Charles Hinman made Sails in 1965 at a pivotal moment in his artistic career, as he was beginning to develop his shaped, abstract canvases. For more than 50 years, the American artist has been constructing these painted works by stretching canvas over hand-built, wooden armatures. Hinman once described his shaped canvases as akin to “skin over bones.” Built on a three-dimensional armature, Sails emerges from the wall in a sharp point, where the blue, red, white, and green painted surfaces meet.
Hinman was born in Syracuse in 1932 and received his BFA at Syracuse University in 1955. After graduating, he moved to New York to study at the Arts Students League, and was quickly immersed in the artistic communities of downtown New York, where he would live and work for much of his career. Hinman arrived in the city at a moment of great energy and productivity for the arts. He belonged to a generation of artists, including Frank Stella and Ellsworth Kelly, who expanded the traditions of painting by reshaping their canvases, privileging real space over illusionary, painted space.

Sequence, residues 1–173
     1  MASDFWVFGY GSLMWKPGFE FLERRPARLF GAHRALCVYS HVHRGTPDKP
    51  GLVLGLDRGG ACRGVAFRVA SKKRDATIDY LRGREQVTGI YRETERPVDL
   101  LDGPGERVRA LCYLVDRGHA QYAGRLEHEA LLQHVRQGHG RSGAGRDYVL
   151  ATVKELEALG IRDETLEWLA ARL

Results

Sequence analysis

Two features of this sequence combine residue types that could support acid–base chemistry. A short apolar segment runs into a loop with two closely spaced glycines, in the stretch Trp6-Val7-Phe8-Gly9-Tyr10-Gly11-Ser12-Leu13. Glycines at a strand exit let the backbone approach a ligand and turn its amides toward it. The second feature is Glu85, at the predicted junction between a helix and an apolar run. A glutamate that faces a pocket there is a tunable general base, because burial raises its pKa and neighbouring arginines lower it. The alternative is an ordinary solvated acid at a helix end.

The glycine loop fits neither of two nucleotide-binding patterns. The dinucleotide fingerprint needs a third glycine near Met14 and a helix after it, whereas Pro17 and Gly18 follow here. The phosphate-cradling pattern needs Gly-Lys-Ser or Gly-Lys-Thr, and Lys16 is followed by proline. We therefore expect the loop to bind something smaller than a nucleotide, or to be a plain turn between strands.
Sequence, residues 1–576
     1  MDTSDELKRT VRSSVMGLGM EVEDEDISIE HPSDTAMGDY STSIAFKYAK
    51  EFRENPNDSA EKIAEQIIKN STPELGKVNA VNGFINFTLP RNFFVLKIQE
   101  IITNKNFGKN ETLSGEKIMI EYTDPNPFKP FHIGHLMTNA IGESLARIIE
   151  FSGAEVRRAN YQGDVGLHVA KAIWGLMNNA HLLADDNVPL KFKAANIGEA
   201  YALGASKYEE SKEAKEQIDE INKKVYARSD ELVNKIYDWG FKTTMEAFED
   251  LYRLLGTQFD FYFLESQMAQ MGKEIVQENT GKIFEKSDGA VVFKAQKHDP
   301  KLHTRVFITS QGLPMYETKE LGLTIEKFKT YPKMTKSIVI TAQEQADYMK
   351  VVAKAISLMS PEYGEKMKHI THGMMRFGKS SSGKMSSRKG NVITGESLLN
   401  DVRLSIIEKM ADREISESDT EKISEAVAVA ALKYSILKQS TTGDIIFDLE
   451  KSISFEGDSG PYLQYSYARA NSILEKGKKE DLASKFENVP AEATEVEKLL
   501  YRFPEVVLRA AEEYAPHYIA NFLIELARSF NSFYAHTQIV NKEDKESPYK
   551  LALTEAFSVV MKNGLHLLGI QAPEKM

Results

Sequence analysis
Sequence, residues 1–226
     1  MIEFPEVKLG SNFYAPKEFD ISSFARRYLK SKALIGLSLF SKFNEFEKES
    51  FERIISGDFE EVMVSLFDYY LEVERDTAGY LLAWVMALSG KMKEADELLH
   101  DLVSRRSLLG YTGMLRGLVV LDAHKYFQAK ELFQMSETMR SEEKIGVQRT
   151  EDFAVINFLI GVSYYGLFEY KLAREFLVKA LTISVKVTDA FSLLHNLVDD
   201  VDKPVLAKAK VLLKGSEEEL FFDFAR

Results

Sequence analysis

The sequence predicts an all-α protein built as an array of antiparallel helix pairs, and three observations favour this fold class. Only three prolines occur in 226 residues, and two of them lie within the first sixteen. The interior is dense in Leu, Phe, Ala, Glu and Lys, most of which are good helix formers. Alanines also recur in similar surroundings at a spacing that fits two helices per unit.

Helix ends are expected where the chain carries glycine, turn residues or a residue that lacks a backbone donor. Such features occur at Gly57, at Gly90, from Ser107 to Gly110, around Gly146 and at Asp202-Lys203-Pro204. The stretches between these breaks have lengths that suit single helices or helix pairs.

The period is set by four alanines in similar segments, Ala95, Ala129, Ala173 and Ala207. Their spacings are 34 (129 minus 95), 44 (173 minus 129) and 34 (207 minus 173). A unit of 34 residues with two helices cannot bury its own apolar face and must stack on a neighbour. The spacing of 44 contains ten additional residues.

Sails was the centerpiece of our 2019 exhibition, Charles Hinman: Structures, 1965–2014, which was the first museum exhibition of works by the artist in the Washington area and his first survey in more than 30 years.